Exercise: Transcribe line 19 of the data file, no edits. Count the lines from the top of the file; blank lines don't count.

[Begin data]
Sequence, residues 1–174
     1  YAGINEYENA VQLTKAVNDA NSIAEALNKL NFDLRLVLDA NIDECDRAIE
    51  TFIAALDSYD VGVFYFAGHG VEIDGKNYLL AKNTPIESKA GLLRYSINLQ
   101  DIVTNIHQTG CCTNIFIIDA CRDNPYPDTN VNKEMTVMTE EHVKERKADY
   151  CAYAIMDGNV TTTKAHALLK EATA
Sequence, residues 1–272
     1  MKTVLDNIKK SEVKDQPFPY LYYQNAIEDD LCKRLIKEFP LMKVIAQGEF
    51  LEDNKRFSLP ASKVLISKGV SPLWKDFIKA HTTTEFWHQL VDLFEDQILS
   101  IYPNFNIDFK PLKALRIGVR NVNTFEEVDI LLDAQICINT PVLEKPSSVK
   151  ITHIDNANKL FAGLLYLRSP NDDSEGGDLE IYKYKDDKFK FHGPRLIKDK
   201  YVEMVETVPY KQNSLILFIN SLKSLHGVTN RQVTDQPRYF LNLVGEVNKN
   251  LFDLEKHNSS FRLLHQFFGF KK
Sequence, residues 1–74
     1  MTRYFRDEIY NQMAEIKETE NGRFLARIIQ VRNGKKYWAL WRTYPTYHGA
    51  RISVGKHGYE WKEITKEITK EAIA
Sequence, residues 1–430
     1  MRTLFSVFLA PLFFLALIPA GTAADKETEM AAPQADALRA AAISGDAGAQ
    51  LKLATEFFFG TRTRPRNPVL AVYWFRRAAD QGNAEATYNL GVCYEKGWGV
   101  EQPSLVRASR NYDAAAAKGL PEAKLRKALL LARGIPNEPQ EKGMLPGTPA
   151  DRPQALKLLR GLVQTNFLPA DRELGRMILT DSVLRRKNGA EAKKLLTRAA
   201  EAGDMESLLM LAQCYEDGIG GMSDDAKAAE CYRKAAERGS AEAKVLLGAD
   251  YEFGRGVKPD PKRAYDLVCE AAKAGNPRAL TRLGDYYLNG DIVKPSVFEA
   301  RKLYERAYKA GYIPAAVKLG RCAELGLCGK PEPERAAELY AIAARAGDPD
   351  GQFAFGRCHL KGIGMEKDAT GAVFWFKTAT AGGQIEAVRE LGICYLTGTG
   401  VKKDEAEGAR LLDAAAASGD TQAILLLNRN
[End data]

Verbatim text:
   101  EQPSLVRASR NYDAAAAKGL PEAKLRKALL LARGIPNEPQ EKGMLPGTPA